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Cell Papers on Tumor Cell States, Rift Valley Fever Virus Host Factors, Recombinant SARS-CoV-2

Stanford University researchers present tumor cell and corresponding ecosystem profiles produced using a machine learning tool called EcoTyper, designed for characterizing cell states based on gene expression data. When the team applied EcoTyper to expression data for 16 human carcinoma types, for example, it detected 69 cell states spanning a dozen cell lineages as well as 10 related multicellular ecosystems of co-occurring cell states that provided additional clinical clues. "Most [cell] states were specific to neoplastic tissue, ubiquitous across tumor types, and significantly prognostic," the authors report, adding that they saw "unexpectedly strong conservation" within the 10 ecosystem communities, "including three with myeloid and stromal elements linked to adverse survival, one enriched in normal tissue, and two associated with early cancer development."

A Washington University- and University of Pittsburgh-led team reports on host factors that appear to help the Rift Valley fever virus (RVFV) make its way into mouse cells. The researchers narrowed in on the receptor-associated protein (RAP), a heat shock protein called Grp94, and the low-density lipoprotein receptor-related protein 1 (Lrp1) as RVFV infection contributors in a genome-wide CRISPR screen in mice. In their follow-up experiments, they explored RVFV interactions with Lrp1 in particular, demonstrating that RVFV infections can be dampened down in mice and other potential RVFV hosts by introducing soluble viral glycoproteins, antibodies, or other ligands that can bind to Lrp1. "Together," the authors write, "these data support Lrp1 as a host entry factor for RVFV infection and define a new target to limit RVFV infections."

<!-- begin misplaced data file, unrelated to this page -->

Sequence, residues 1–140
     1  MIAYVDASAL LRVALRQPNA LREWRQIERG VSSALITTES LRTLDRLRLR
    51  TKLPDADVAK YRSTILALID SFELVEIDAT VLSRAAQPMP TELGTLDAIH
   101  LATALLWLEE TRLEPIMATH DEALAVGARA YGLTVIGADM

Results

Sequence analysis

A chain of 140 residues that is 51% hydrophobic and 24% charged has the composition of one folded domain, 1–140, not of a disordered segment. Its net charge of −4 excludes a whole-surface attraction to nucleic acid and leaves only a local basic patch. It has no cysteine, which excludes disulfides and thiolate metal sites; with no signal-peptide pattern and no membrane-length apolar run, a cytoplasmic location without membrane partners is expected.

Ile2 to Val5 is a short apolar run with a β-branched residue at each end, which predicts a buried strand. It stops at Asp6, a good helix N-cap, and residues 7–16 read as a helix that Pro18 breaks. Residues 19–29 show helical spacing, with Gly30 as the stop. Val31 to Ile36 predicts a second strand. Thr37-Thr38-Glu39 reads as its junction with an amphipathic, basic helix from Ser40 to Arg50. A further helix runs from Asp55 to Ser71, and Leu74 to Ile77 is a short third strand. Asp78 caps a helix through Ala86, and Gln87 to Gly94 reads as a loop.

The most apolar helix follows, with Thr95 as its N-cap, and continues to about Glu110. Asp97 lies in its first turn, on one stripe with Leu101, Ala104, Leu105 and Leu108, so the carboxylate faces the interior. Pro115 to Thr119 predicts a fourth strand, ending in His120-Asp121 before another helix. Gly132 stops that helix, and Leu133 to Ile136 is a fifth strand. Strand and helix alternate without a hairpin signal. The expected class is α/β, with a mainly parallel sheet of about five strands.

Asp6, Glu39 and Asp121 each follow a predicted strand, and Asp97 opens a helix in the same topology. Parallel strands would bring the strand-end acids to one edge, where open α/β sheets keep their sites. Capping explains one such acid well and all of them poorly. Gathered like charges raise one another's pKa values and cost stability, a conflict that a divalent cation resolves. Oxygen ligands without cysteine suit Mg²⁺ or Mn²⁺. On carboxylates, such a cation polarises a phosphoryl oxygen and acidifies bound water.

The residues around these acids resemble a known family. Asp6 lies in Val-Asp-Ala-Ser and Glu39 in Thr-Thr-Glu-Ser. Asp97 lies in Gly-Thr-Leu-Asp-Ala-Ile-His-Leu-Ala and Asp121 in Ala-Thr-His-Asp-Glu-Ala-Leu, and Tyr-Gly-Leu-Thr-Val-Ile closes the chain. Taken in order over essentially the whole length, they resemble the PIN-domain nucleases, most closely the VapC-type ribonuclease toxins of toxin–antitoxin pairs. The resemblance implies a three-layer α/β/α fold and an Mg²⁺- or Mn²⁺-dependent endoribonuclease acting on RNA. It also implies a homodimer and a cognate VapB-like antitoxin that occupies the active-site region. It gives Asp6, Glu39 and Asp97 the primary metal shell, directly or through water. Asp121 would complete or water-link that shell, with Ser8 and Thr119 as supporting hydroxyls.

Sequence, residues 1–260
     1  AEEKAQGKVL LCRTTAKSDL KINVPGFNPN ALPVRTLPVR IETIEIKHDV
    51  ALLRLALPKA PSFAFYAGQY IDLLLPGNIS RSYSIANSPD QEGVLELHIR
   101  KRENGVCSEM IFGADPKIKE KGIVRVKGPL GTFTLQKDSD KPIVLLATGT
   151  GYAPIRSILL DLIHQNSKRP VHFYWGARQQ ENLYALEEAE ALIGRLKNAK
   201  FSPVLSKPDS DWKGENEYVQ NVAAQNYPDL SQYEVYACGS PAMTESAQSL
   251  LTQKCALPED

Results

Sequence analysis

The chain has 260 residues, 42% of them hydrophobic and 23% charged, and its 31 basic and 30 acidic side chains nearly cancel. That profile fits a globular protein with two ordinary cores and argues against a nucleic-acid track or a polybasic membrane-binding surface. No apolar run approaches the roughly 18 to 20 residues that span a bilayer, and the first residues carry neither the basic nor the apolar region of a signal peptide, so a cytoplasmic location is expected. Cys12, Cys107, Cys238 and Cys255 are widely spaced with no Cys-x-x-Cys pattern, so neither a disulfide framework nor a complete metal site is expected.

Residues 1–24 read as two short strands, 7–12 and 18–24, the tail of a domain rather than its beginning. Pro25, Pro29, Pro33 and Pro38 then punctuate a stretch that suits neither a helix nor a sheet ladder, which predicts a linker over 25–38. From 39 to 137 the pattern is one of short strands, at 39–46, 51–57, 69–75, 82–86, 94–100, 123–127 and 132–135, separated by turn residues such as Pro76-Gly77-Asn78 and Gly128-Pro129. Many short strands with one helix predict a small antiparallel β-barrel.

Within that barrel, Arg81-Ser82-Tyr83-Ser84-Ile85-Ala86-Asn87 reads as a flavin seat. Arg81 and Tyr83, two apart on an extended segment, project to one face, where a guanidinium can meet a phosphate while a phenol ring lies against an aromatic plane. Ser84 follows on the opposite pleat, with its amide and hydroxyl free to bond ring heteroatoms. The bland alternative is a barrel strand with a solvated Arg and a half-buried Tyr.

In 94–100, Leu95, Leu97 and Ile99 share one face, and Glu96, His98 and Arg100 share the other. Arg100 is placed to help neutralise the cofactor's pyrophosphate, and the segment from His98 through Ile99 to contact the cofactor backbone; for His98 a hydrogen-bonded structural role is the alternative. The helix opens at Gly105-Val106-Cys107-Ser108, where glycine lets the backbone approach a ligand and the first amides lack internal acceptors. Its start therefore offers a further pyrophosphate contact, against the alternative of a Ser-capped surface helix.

Finally, investigators in the UK and the US consider SARS-CoV-2 recombination patterns in samples of the coronavirus collected in the UK, focusing on isolates initially classified in the B.1.1.7 lineage. Based on some 279,000 SARS-CoV-2 sequences, the team tracked down 16 recombinant genomes containing both B.1.1.7 and non-B.1.1.7 sequences, which appeared to stem from eight recombination events. "In four instances, there was evidence of onward transmission of a recombinant-origin virus, including one transmission cluster of 45 sequenced cases over the course of [two] months," they write. "The inferred genomic locations of recombination breakpoints suggest that ever community-transmitted recombinant virus inherited its spike region from a B.1.1.7 parental virus, consistent with a transmission advantage for B.1.1.7's set of mutations."